Wild Elephants.

Animals such as the great monkey and parrot, fox,Gray Slender Loris, leopard, wild boar, grass-roaming wild buffalo and spotted deer are common in Wasgamuwa national park, while rare leopards and bears are rarely seen.

spotted deer
Gray Slender Loris

Among the birds, 143 species of birds of Sri Lanka can be seen in the park and the Red faced Malkoha, Bahurumanaawa, golden forehead kottoruwa, Sri Lankan SiluMahakuda, HabanKukula and alukedeththa found in the park are of special interest.

Srilanka grey hornbill
Indian Roller

Among the endemic and endangered species that live here are; the amphibian, the Ceylonwood frog, and several species of reptiles. These include reptiles, such as the Sripada forest skink lizard, thered lipped lizard and earleslizard, and among the snakes Ceylon fling snake and reptiles such as, Land monitor lizard Mugger crocodileand Asian water monitor can be seen while an endemic fish species, Ceylonlog suckeris also found in the reservoirs. Many butterflies can be seen flying around the park and 50 species of butterflies have been recorded.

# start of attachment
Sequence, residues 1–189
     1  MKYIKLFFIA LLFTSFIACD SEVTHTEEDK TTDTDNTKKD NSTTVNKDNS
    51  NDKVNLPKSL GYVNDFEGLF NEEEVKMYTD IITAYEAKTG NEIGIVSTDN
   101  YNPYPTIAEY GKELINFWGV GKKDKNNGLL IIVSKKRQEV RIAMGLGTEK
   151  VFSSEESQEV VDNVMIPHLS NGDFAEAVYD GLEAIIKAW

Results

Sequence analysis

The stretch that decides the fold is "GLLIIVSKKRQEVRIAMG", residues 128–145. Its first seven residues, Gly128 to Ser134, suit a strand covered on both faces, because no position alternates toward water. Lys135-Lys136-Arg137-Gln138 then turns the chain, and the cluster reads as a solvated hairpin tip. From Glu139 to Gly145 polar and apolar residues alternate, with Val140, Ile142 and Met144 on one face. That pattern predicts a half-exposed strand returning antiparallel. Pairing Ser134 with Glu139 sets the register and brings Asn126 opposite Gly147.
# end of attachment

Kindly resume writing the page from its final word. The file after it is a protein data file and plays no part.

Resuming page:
There are three tourist lodges for residential facilities at Kadurupitiya, Vavul Abe and Mahaweli (by the river) in the parks and at the Fourth Junction, Mahaweli 1, Medapitiya 1/2, VavulEbe and the Seven Springs camps bookings are done from the office.

Mahweli Banglow
Vavul Abe Banglow
Wasgamuwa Main Entrance
Map of the Wasgamuwa National Park

List of animals in the Wasgamuwa documentary

Sinhala nameTamil nameEnglish nameScientific name
අලියාகாட்டு யானைகள்Asian elephantElephas maximus
මහ වදුරාமந்திSouthern Purple faced langurSemnopithecus senex
රිළවාசிறு குரங்குToque MacaqueMacaca sinica
හිවලාநரிகள்Golden jackalCanis aureus
උනහපුලුවාதேவாங்குGray Slender LorisLoris lydekkerrianus
වල් ඌරාகாட்டுப் பன்றிகள்Wild BoarSusscrofa
වල් මී හරකාகாட்டு எருமைகள்Water buffaloBubalus bubalis
තිත් මුවාபுள்ளி மான்Spotted deerAxis axis ceylonensis
කොටියාபுலிLeopardArdeacinerea
වලසාகரடிSloth bearMelursus ursinus
වතුරතු මල්කොහාசென்முகப் பூங்குயில்Red- faced malkohaPhaenicophaeus pyrrhocephalus
වලි කුකුළාஇலங்கை காட்டுக்கோழிSri lanka junglefowlGallus lafayetill
බහුරුමානාවාசிறுத்த பெரு நாரைLesser adjutantLeptoptilos javanicus
රන් නළල් කොට්ටෝරුවාகுக்குறுவான்Yellow-fronted barbetMegalaima flavifrons